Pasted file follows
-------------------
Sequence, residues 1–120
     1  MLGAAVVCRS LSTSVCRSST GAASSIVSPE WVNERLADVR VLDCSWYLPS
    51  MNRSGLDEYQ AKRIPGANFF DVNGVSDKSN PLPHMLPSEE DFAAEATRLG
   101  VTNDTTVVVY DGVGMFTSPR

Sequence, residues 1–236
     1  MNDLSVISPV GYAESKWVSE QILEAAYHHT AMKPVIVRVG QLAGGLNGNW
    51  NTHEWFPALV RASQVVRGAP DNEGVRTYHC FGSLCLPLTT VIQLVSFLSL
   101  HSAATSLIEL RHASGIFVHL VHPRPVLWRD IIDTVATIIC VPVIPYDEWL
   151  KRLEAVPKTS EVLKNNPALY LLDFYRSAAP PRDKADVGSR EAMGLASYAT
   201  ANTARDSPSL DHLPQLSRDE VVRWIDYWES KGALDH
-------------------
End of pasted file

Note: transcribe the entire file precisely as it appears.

Sequence, residues 1–120
     1  MLGAAVVCRS LSTSVCRSST GAASSIVSPE WVNERLADVR VLDCSWYLPS
    51  MNRSGLDEYQ AKRIPGANFF DVNGVSDKSN PLPHMLPSEE DFAAEATRLG
   101  VTNDTTVVVY DGVGMFTSPR

Sequence, residues 1–236
     1  MNDLSVISPV GYAESKWVSE QILEAAYHHT AMKPVIVRVG QLAGGLNGNW
    51  NTHEWFPALV RASQVVRGAP DNEGVRTYHC FGSLCLPLTT VIQLVSFLSL
   101  HSAATSLIEL RHASGIFVHL VHPRPVLWRD IIDTVATIIC VPVIPYDEWL
   151  KRLEAVPKTS EVLKNNPALY LLDFYRSAAP PRDKADVGSR EAMGLASYAT
   201  ANTARDSPSL DHLPQLSRDE VVRWIDYWES KGALDH